As the festive season approaches, the public is being urged to think carefully before buying or adopting a pet as a Christmas present.
Northern Ireland’s Department for Agriculture, Environment and Rural Affairs (DAERA) has joined with animal welfare charity the Ulster Society for Prevention of Cruelty to Animals (USPCA) to remind the public that getting a pet is a long-term commitment.
Each year, rescue centres see an influx of pets being given up following the Christmas period. In January this year, the USPCA had more than 50 animals at its centre in need of rehoming.
The appeal comes at a time when centres across the UK are seeing high numbers of pets being given up as people struggle with the cost-of-living crisis.
Nora Smith, USPCA chief executive, said: “It may seem counter-intuitive that we do not encourage anyone to buy or adopt a new pet at Christmas given our centre is full of animals in need of a new home.
“However it’s an upsetting reality that in the weeks and months after Christmas we are often asked to take in puppies, kittens and other pets given as presents once the novelty has worn off.
“It’s not just young animals that come to us, older animals can be discarded to make way for new ones.”
People thinking about getting a pet are being asked to think carefully about the responsibility and to wait until after Christmas to allow more time and space to settle a new pet into the home.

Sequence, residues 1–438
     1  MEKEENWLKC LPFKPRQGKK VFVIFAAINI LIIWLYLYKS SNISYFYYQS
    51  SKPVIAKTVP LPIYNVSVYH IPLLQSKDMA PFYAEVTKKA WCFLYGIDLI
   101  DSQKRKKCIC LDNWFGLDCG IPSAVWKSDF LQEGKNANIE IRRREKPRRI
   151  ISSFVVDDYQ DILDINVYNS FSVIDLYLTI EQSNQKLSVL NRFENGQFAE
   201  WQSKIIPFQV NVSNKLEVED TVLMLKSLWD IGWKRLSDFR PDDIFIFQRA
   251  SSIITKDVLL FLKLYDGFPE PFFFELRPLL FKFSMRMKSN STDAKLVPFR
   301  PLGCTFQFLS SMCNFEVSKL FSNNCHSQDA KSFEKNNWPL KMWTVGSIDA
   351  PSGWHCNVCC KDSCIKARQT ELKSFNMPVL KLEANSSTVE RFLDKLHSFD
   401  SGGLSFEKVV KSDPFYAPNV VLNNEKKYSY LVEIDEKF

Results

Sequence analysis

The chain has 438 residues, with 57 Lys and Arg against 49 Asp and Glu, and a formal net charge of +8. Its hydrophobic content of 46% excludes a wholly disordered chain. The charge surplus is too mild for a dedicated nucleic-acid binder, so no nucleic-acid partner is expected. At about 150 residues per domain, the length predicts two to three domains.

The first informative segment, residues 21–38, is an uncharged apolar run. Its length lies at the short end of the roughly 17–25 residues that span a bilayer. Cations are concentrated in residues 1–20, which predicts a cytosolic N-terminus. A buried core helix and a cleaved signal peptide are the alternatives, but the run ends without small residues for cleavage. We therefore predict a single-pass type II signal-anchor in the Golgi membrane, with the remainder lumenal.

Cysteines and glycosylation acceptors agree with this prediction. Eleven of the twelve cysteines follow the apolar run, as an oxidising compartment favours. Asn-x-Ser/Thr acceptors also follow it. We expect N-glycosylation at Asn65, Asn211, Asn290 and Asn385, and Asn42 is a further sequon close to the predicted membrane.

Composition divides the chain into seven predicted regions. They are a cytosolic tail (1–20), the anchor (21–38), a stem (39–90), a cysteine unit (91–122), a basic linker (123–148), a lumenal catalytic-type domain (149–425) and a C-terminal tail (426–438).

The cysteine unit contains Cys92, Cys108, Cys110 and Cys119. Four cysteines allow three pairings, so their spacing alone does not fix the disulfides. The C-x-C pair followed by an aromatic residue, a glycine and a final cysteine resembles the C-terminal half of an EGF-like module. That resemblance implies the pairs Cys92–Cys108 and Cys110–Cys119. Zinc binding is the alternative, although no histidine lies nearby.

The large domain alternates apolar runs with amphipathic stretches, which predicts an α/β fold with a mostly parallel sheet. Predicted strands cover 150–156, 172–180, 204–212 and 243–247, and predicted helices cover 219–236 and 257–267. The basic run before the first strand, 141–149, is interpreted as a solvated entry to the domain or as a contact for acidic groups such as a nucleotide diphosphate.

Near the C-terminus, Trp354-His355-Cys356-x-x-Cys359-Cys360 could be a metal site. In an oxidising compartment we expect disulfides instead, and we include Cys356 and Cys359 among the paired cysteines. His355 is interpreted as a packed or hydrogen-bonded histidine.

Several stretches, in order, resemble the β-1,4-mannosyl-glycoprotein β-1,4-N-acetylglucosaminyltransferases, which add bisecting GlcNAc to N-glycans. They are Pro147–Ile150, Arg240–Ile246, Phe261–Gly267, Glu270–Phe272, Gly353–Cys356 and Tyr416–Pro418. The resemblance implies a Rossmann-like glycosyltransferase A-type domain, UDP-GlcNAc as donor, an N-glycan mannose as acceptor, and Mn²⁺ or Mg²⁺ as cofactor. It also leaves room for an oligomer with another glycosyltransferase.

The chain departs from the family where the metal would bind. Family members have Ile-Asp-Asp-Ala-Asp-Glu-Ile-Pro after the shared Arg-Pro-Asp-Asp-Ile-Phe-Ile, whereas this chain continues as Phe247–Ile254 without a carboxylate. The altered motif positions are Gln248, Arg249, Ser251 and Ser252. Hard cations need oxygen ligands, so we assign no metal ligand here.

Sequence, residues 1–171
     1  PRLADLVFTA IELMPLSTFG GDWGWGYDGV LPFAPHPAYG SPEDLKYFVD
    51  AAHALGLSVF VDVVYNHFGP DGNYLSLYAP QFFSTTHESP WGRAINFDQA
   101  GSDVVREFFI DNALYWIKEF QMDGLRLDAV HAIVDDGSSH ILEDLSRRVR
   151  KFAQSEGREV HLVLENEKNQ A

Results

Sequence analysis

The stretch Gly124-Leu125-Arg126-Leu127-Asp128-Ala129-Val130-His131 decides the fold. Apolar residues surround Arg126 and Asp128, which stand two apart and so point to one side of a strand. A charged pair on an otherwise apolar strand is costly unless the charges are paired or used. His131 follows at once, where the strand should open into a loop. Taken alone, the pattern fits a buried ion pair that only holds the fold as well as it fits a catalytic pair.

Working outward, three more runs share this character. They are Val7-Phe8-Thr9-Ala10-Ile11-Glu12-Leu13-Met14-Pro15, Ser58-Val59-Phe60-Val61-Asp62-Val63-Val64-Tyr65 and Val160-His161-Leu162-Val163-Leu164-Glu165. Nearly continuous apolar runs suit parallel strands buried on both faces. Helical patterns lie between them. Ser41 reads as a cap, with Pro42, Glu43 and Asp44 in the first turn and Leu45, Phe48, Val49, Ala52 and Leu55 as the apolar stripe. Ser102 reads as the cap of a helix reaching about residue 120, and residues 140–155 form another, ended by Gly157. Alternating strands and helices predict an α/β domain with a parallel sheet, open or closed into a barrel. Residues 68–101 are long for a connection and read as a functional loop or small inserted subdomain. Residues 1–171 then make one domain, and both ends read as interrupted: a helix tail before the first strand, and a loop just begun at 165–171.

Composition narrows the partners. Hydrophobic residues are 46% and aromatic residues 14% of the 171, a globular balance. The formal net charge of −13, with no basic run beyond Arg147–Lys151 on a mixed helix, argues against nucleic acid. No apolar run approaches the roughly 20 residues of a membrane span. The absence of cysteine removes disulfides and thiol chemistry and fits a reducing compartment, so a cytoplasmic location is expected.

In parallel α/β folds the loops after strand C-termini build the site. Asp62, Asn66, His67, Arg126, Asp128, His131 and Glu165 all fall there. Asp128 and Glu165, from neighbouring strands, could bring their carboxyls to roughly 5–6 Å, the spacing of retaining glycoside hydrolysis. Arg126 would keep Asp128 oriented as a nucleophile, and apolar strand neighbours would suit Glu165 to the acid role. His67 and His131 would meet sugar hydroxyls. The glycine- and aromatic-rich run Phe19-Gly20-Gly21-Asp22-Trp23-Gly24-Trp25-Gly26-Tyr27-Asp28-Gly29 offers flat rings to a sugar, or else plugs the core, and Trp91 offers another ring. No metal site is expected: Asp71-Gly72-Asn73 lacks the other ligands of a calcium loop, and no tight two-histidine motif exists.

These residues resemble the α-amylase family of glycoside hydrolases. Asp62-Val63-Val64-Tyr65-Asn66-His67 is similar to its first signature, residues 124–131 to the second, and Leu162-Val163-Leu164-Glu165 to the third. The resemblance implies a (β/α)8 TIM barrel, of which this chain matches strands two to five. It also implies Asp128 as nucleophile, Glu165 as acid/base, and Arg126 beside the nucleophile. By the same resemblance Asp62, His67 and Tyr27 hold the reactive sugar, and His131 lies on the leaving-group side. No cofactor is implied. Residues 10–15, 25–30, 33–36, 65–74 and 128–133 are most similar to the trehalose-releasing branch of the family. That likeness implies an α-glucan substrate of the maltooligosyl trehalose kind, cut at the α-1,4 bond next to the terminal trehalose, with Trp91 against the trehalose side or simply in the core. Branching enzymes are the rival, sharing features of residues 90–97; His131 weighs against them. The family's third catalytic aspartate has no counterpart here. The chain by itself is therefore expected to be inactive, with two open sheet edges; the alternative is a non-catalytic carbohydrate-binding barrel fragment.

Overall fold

Gemma Daly, Northern Ireland’s deputy chief veterinary officer, said: “Pets are often bought at Christmas as presents for loved ones and whilst there is no doubt potential owners are not seeking to do any harm, unfortunately, if careful consideration has not been given to the implications of bringing a new pet into a household, they can end up having to surrender them.
“Different pets have a range of important and diverse needs and it is critical that prospective owners ensure they can provide for an animal’s care and veterinary needs throughout their entire lifetime.
“Advice on how to care for a range of pets is available on NI Direct and prospective owners should first familiarise themselves with the responsibilities that come with being the owner of an animal before making any decisions on how to proceed.”
Image © Shutterstock